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Old 08-20-17, 10:49 AM
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Originally Posted by dirthurts View Post
I'm new to air shocks, and I'm working on getting the maximum amount of travel out of my fork and rear suspension.
My question is: Is it O.K. to bottom out the suspension? I mostly do just single track, but I do the occasional small jump. Just wondering if it's likely to do any damage.
Monarch rear shock with a recon silver front.
It is OK if it just bottoms on the biggest hits you encounter.

If there are o-rings on the fork and shock stanchions, use them to see if you are using all your travel. You can be bottoming the suspension without really noticing it.

Sag is a good STARTING point for front and rear suspension. From there things can work a little different for the front and rear.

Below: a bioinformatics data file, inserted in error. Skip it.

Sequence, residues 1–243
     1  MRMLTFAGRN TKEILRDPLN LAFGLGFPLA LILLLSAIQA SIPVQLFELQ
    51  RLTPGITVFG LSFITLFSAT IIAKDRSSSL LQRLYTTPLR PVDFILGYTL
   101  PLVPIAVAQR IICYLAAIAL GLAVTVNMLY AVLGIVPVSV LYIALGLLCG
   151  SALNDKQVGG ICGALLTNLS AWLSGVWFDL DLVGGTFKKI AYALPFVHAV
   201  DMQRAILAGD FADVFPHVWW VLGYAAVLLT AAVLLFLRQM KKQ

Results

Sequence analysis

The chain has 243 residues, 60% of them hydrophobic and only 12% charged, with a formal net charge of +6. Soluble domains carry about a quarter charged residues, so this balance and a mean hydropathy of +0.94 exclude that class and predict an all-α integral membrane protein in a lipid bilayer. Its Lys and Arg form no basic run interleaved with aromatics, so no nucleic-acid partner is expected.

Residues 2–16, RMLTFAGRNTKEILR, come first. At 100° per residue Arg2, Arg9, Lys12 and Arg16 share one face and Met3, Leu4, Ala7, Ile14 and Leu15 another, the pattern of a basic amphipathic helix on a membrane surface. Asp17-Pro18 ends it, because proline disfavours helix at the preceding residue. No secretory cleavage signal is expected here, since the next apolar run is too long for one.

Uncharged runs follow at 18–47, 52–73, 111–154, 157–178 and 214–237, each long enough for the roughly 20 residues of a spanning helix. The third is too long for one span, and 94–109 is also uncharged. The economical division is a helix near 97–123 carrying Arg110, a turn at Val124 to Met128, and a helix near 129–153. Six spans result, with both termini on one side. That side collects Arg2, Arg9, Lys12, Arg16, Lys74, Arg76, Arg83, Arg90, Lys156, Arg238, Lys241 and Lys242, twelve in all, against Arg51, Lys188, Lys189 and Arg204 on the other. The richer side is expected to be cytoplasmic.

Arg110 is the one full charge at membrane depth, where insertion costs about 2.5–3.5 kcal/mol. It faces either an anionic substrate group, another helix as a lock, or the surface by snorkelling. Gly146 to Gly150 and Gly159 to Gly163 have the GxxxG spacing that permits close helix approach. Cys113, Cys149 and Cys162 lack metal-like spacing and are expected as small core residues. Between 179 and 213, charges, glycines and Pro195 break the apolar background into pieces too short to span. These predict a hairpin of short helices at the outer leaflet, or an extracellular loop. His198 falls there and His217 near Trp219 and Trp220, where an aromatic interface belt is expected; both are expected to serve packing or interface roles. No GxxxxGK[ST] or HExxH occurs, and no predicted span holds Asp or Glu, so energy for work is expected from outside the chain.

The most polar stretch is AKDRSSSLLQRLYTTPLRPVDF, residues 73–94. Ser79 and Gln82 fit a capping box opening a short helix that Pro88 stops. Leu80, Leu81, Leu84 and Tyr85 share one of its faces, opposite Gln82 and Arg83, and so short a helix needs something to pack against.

Some rear suspension designs need for the sag to be in a specified range to work properly. So, at least at first, it is a good idea to try and stay in that range, and use other means to use more or less travel (such as adding/removing volume spacers, or using compression damping adjustments, if available).

For the front end, after the first time you set the sag, I see little reason to pay it any mind ever again. Go by what feels good.

I would also not obsess over getting full travel (front or back). Again, go by what FEELS good. Sometimes in order to use full travel you end up running the suspension so soft that you get too much brake dive (in front) or suspension wallowing (in the rear).
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Old 08-20-17, 02:56 PM